Catatan dari Kelas Sejarah Amerika Serikat


A month ago, I went to a place where I was expected to cast my mind a few hundred years back, to a place where the words of Andrew Carnegie, the great depression of 1929, and Theodore Roosevelt were brought to the surface. A place that gave me a chance to explore every nook and cranny of America.

I had been contemplating the idea of taking a history class since last winter. I knew that an American history class would require a lot of reading. Apparently, I am a natural sloth when it comes to reading English, and the dictionary is still my best buddy. It takes me twice the amount of time to grasp what an author is saying. Taking a history class was my first phase of fear that I had successfully tackled. My reason to add a new index of knowledge about how people’s interaction and past events shaped the way the world currently perceives America, outweighed the anxiety I had before enrolling in the class.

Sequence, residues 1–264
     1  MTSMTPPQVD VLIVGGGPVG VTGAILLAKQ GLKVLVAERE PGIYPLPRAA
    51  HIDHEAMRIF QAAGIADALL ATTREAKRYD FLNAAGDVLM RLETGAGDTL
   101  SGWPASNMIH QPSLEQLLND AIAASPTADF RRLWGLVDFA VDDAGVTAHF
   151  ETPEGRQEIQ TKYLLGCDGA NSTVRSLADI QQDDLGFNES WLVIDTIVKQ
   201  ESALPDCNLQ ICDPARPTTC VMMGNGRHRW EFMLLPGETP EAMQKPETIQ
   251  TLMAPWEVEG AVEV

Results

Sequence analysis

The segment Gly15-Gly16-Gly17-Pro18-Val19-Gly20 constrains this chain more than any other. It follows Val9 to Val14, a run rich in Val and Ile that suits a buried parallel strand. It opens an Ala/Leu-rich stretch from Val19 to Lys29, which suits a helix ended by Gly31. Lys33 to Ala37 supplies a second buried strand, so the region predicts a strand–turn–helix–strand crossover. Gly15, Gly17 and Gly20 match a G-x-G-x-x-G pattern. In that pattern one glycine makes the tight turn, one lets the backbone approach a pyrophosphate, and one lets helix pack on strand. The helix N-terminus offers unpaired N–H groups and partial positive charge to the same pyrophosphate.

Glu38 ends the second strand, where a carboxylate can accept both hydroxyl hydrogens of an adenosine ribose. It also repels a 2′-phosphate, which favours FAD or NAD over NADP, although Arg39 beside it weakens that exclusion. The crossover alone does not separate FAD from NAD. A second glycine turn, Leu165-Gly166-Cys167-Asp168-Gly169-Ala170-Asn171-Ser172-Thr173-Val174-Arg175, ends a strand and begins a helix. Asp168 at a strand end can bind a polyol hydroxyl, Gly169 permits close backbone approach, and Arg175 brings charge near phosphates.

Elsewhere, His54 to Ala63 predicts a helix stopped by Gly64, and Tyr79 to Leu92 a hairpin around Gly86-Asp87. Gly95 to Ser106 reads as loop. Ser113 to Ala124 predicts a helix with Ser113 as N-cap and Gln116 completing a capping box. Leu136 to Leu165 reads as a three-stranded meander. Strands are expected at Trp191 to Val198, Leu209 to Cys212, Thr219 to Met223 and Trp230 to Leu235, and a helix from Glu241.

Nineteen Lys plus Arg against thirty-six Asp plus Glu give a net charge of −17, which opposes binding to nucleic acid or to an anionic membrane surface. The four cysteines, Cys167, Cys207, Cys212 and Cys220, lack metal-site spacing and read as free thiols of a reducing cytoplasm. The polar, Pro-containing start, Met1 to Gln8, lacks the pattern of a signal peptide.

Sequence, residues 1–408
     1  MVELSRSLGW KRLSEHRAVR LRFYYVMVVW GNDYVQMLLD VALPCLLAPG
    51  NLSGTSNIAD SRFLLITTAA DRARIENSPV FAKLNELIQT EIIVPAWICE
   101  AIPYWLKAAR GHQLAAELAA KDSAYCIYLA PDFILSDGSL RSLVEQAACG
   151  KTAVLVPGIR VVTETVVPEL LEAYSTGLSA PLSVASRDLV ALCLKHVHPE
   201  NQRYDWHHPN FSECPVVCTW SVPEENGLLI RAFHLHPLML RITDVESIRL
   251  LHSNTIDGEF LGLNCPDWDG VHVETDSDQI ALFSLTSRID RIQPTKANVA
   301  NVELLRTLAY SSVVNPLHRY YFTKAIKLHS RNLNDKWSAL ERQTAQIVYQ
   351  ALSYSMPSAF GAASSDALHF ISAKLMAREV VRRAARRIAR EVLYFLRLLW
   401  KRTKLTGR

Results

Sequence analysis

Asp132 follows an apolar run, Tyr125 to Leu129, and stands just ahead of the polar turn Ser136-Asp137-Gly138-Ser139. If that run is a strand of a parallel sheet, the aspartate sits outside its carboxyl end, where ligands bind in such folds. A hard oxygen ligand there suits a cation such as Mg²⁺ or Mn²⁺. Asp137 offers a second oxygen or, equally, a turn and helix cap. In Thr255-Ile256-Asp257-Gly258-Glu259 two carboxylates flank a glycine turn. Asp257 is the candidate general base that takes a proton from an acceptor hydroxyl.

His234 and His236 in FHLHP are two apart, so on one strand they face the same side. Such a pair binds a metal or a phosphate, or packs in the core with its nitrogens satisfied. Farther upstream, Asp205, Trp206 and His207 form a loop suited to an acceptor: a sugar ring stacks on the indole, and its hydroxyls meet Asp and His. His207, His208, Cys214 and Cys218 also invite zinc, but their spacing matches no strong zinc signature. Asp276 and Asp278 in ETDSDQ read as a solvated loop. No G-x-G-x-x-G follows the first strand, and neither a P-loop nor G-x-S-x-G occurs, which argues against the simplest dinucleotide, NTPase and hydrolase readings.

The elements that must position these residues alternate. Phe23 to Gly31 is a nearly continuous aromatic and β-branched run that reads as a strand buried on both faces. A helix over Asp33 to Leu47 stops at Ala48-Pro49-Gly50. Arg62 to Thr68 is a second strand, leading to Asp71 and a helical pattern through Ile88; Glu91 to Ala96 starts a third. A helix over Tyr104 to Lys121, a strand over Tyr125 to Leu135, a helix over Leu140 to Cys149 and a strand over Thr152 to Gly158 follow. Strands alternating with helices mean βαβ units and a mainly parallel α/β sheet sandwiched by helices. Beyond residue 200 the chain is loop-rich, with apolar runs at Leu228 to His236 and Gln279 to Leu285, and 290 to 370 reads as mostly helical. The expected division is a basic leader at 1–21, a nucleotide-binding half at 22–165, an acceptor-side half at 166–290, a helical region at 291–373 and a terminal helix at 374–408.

I thought my fear had vanished. Don’t get me wrong, I did enjoy the class, yet the second phase of fear started to sneak up on me. As the course demanded more space from my brain and I was expected to finish five to seven chapters twice a week, I was perplexed most of the time. I really felt like a cluster of nerves during this time. People in my class seemed delighted to be there, especially two students majoring in history who sat in the second row as I did, and a combat veteran who sat in the corner who often said “Yes, sir!” to emphasize that he understood the instructor. The other students were thoughtful and enraptured during the three hours long lecture.